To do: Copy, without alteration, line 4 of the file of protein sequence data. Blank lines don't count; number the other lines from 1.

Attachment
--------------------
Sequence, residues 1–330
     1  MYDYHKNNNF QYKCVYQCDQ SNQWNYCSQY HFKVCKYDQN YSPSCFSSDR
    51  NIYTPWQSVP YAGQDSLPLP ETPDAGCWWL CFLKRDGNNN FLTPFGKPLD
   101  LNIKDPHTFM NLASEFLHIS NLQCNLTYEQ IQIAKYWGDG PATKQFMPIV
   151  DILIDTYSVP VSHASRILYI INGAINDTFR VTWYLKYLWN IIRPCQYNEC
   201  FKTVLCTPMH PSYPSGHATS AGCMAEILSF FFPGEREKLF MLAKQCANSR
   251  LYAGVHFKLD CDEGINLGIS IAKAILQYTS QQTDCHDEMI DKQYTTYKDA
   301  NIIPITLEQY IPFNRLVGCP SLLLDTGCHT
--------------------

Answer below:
   101  LNIKDPHTFM NLASEFLHIS NLQCNLTYEQ IQIAKYWGDG PATKQFMPIV